THROWN into unprecedented turmoil, the country needed a saviour. The rakyat have had enough; their voices won’t be silenced anymore. When the crisis threatened to spiral even deeper, a soft-spoken yet enigmatic figure emerged to fix the destruction caused by the past regime; a regime that he himself was a part of. But he was of a different mould. For this was the man of the rakyat and the will of the people was what he delivered.
No, this is not the story of Muhyiddin Yassin saving Malaysia from unprecedented political turmoil. As the leaked Bersatu recordings suggested, how could he be our saviour when the hullabaloo was all of his own planning?
On the contrary, this is the story of the late B.J. Habibie, beloved third president of the Republic of Indonesia who held the unwanted record of being the shortest-serving president in the country’s history. However, as things unfolded, his presidency of a year and 150 days proved to be the most important turning point in the history of the republic.
How Pak Habibie became president shares an almost similar narrative with how Muhyiddin became prime minister. Just like Muhyiddin, he was the second in command of a kleptocratic, corrupt and oppressive regime that has systematically robbed the rakyat for decades. Handpicked to be vice-president by Suharto in his “New Order” in March 1998 amid the Asian financial crisis and growing unrest in the republic, Habibie was thrusted into the presidency just a few months afterwards. Violent street protests erupting across Indonesia had forced Suharto to step down and leave the gargantuan task of uniting the nation into Habibie’s hands.
Seen as a Suharto loyalist and just another Javanese elite of the kleptocratic New Order, Pak Habibie defied expectations and did the unthinkable. During his short tenure, he laid down reforms and the very foundation of democracy that has since prospered. Traces of nepotism and cronyism were swiftly eradicated with his new cabinet that saw Suharto’s eldest daughter and even his longtime friend getting the axe. Moreover, 100 political prisoners were granted amnesty and press freedom was reinstated after decades of censorship.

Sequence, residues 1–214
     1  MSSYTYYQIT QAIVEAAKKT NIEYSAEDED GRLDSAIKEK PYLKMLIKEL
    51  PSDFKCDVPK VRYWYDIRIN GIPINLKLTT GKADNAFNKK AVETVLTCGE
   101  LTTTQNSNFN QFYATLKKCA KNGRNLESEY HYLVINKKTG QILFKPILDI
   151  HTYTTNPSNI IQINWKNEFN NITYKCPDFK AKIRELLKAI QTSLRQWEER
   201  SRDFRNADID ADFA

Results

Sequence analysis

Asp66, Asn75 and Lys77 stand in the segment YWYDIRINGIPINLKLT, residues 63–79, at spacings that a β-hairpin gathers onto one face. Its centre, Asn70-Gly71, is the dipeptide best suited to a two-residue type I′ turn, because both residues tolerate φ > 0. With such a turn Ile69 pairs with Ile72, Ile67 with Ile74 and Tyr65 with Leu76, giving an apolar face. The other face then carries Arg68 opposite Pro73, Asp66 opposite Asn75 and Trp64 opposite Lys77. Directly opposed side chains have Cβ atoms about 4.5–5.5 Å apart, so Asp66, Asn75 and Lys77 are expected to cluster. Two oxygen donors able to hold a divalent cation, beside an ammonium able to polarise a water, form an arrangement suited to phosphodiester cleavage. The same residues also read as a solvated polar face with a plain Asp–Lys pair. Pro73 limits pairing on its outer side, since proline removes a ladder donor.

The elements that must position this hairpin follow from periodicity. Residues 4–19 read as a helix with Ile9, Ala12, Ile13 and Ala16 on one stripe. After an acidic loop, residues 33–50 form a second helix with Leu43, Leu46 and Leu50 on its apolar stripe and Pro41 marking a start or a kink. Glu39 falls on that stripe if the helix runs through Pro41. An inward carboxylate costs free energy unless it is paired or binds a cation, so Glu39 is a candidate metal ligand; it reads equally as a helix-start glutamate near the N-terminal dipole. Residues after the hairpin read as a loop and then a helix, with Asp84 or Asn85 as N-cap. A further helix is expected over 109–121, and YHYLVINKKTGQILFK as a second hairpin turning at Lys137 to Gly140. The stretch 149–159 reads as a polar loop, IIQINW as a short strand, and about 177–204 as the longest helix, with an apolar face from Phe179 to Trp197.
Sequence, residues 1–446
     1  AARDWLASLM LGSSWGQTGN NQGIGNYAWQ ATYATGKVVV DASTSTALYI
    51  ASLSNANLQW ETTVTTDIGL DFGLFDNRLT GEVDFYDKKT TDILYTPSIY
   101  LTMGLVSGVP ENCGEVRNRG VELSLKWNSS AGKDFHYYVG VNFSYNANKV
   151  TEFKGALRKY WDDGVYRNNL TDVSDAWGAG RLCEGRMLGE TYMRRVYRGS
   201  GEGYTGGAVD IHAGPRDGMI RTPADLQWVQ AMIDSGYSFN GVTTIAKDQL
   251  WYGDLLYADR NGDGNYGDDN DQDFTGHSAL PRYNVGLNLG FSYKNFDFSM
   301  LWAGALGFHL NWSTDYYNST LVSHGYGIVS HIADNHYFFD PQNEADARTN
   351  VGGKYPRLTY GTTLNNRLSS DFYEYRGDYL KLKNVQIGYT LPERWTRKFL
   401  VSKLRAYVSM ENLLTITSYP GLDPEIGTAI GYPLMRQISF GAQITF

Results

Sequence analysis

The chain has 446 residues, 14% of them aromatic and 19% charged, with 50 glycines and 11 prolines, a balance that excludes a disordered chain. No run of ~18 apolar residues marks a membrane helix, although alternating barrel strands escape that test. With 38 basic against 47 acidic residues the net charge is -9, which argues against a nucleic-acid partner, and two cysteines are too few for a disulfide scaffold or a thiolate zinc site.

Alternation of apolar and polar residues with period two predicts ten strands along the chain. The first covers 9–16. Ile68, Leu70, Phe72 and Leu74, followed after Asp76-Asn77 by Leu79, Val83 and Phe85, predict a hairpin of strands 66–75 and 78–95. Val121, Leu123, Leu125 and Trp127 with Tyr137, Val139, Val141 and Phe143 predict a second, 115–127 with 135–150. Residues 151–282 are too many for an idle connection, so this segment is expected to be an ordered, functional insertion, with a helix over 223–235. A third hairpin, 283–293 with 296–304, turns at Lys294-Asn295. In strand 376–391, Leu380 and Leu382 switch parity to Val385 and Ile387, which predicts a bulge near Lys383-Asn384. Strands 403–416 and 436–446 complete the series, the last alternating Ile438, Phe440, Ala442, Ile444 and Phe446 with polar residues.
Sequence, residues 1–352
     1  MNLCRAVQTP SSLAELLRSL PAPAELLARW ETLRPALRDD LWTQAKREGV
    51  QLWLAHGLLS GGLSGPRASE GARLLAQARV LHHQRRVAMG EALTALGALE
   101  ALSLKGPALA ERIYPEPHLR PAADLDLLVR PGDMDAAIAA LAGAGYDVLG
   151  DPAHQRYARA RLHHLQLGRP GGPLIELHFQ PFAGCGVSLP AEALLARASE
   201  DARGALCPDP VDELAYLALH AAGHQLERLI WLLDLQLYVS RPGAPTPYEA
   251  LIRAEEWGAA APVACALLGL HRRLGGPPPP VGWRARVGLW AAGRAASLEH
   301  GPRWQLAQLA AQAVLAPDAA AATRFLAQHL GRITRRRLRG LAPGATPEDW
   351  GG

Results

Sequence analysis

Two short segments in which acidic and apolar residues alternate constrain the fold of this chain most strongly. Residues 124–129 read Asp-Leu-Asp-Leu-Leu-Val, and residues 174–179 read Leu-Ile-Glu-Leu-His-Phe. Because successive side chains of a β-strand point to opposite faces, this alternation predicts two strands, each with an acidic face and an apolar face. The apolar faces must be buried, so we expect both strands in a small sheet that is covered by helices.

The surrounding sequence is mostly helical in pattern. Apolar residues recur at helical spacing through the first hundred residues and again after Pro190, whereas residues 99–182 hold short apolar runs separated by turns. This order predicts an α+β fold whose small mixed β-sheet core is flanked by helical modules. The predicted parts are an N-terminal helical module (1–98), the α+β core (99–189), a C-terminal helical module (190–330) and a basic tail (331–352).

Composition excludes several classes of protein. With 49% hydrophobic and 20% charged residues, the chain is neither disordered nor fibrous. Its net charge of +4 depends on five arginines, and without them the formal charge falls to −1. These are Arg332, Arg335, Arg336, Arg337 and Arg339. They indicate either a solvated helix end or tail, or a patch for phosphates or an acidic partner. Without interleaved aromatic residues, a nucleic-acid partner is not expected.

Well, Habibie is Indonesia’s “Bapak Demokrasi” for a reason. It’s fair to say that his presidency singlehandedly corrected the authoritarian path the republic had taken under Sukarno and Suharto, and created a free parliament and free presidential elections. Most importantly, he sanctioned independent committees to draft less-restrictive political laws and put a limit of two terms of five years for future presidents.
Speaking of which, a two-term limit for the highest executive body’s position was part of Pakatan Harapan’s reform plans for Malaysia too. However, just like other “Save Malaysia” reforms brought forth by PH (and Muhyiddin too, mind you), it was derailed by a parliamentary coup.
Under Habibie’s guidance, Indonesia held its first general election in over 44 years, an election in which he did not contest as he withdrew his nomination after his accountability speech was rejected by the Majelis Permusyawaratan Rakyat Republik Indonesia (MPR), the republic’s version of parliament. This turned out to be the end of Habibie’s political career as he chose to retire after successfully paving the way for democracy when he so easily could have continued the ruthless dictatorship ways of his predecessors.